Did Game of Thrones jump the shark? Was Westworld too clever for its own darned good? Which BBC biggies suffered second season syndrome and which went to another level? And where the hell did our chart-topper come from? Find out as we countdown our top 10 TV programmes of the year – plus give consolation prizes to the ones that just missed out…

10. Planet Earth II

A decade in the making and the first Beeb show made in 4K ultra-high-def, Sir David Attenborough’s six-part wildlife odyssey attracted unprecedented ratings for a nature documentary of 13 million viewers, and rightly so. Television doesn’t get much better crafted or more visually stunning, while scenes like the baby iguana vs the racing snakes and the snow leopard showdown meant that it was full of miniature dramas too.

9. Silicon Valley (Season 3)

Mike Judge’s tech industry satire continued to go from strength-to-strength in its third series and remains one of the most underrated shows on-air. The nervy nerds at data compression start-up Pied Piper had to fight for control of their own invention, coped with the ousting of their CEO and even looked for love – which was unexpectedly endearing as well as scathingly funny.

8. American Crime Story: The People v OJ Simpson

Even though we knew the outcome, we still couldn’t take our eyes off the Emmy-winning debut season in Ryan Murphy’s new crime anthology, which dramatised the infamous 1994 murder trial. This was mainly thanks to the superlative performances – Sarah Paulson as DA Marcia Clark, Courtney B Vance as defence lawyer Johnnie Cochrane, David Schwimmer as Robert Kardashian – but also because of what it had to say about racism, sexism, tabloid trashiness and the justice system.

7. The Night Manager

The spy drama adapted from the John le Carré’s novel wasn’t just Tom Hiddleston’s 007 audition tape. It was also a compellingly deadly game of cat-and-mouse between Hiddleston’s soldier-turned-hotel manager Jonanthan Pine and international arms dealer Richard Onslow “Dickie” Roper (Hugh Laurie), aka “the worst man in the world”. Ambitious in style, scope and sweep, The Night Manager jetted between Cairo, London, Majorca, Marrakech and the Swiss Alps to tell its twisty-turny story.

6. Game Of Thrones (Season 6)

Winter finally came to Westeros and, freed from George RR Martin’s source novels, it made Game of Thrones go up several gears. There was death (we’re still sobbing about Hodor), destruction (the Battle of the Bastards), the resurrection of Jon Snow and long-awaited pay-offs, with female characters finally taking centre-stage for one hell of a finale. We’ve only got two more climactic seasons to tie everything up before the series finishes – no pressure.

5. Fleabag

Playwright, actress and all-round rising star Phoebe Waller-Bridge provided one of this year’s big surprise hits – an unexpected treat right up there with our number one. Her bold six-part black comedy about a nameless millennial anti-heroine navigating love, sex, booze and bereavement was confessional, filthily funny and unexpectedly heartbreaking. The supporting cast, led by monstrous stepmother Olivia Colman, were impeccable too.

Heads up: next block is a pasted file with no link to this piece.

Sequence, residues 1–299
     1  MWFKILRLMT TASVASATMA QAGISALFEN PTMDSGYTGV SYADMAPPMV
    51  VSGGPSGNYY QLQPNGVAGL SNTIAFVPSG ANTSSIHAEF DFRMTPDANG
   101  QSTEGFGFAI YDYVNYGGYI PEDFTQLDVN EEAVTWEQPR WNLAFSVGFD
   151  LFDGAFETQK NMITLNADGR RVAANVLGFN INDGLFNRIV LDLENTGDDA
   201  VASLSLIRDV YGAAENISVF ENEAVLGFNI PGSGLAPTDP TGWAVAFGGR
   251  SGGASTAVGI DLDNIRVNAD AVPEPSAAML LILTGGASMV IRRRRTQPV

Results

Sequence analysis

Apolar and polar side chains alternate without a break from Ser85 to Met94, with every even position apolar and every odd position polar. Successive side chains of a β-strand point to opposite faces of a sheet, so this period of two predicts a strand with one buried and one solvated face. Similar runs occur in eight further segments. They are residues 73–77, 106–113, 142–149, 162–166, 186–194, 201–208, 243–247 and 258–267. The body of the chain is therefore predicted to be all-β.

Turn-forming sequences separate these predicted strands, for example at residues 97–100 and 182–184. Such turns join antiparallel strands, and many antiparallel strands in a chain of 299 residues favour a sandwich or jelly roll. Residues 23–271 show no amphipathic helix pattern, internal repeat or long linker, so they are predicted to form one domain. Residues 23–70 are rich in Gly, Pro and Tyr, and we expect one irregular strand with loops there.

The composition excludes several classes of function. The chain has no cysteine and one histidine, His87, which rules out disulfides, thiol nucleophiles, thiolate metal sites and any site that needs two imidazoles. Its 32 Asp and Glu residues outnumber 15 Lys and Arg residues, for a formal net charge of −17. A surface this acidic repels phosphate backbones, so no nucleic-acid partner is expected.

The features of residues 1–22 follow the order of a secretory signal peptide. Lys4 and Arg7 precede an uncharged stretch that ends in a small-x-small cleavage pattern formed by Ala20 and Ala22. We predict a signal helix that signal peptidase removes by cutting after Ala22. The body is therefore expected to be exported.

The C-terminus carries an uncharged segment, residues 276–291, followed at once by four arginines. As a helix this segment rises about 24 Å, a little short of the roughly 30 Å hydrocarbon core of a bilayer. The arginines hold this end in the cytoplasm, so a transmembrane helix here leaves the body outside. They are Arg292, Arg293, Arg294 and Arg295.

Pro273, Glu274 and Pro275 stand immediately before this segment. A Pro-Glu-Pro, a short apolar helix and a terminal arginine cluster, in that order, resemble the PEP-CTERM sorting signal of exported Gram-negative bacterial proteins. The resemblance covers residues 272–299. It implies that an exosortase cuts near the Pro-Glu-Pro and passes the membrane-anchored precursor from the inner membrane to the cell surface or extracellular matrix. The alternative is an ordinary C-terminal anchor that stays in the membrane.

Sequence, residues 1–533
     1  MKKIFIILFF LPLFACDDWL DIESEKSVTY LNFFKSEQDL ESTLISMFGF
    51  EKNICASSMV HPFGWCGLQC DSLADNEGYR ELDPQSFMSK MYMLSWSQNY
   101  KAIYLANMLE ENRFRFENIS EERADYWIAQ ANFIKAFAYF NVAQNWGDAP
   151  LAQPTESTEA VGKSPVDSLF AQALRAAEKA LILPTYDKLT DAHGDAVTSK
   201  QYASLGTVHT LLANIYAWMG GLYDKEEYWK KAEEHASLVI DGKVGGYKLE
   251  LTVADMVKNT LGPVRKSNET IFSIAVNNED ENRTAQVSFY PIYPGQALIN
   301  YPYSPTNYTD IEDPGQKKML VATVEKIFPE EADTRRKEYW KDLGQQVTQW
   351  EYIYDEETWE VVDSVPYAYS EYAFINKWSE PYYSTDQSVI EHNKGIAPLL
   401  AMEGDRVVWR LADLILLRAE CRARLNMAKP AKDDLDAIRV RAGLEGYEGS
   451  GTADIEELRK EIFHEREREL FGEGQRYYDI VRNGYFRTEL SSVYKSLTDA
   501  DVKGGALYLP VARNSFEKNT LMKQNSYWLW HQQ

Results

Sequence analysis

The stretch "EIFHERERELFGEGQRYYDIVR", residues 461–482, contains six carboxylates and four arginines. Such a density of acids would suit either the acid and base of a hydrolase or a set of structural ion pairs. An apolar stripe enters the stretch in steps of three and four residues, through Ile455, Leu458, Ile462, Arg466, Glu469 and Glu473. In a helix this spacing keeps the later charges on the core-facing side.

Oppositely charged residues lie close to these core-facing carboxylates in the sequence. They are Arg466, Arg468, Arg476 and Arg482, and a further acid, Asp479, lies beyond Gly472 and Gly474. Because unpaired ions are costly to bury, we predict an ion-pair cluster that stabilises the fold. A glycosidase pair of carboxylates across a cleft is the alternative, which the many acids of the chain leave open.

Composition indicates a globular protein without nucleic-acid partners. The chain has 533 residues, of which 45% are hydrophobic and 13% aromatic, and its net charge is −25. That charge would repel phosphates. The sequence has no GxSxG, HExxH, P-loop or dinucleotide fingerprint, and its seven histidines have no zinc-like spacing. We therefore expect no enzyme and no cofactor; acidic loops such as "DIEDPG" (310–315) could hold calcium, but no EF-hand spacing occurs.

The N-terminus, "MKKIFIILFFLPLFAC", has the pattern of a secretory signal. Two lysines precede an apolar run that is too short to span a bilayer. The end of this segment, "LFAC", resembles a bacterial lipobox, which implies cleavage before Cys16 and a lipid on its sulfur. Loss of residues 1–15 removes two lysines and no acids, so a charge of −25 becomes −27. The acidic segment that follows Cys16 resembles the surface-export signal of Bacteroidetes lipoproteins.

4. The Missing (Season 2)

Like several other series on our list, this was one of those rare beasts: a drama where the second run is way better than the first. Tchéky Karyo returned as dogged French detective Julien Baptiste, this time investigating the reappearance of a girl 11 years after she was abducted. But is Alice Webster really who she says she is? The ensuing investigation haunted and gripped right to its superbly satisfying finale, with standout performances from Karyo, Derek Riddell and Keeley Hawes.

3. Line Of Duty (Season 3)

The cult cop corruption thriller just keeps getting better, and Line Of Duty’s latest season, about an armed response unit, was nail-gnawingly tense – from shockingly killing off major characters to the eventual unmasking of “The Caddy”, the gangland fixer embedded within the police force since series one. Kickass action scenes saw Vicky McClure wielding an assault rifle, while the long, masterful interrogation sequences had us shouting at the screen.

2. The Night Of

With echoes of its mighty HBO forebears The Wire, Oz and The Sopranos, this US remake of the BBC’s Criminal Justice was another surprise 2016 gem. Grittily unflinching and utterly gripping, it told the tense tale of New York student Riz Ahmed, accused of a murder he couldn’t remember after a hedonistic one-night stand. John Turturro arrived as his eccentric, hustling lawyer and the ensuing eight episodes combined a crime whodunit with a prison drama and legal procedural.

1. Stranger Things

Summer’s big breakout show threw everyone a curveball, but what a glorious one. This lovingly-crafted eight-part horror thriller was both fresh and reassuringly familiar, with Goonies-style smalltown school kids stumbling into a supernatural government conspiracy. Echoes of Stephen King stories and Spielberg films, the career revival of Winona Ryder and other retro flourishes had us misting over with nostalgia, while still glued to Stranger Things’ tale of telekinetic girl Eleven, the monstrous Demagorgon and “the upside-down”. A cheering under-the-radar success and what binge-viewing was built for.

The Next 10

Best TV Shows Of The Year 2016 - A Better Look

The ones we loved but which just missed out on the top 10…

Westworld (HBO)
The Crown (Netflix, Nov)
Happy Valley (Season 2) (BBC1)
The Grand Tour (Amazon Prime, November onwards)
Peaky Blinders (Season 3) (Netflix)
The Get Down (Netflix)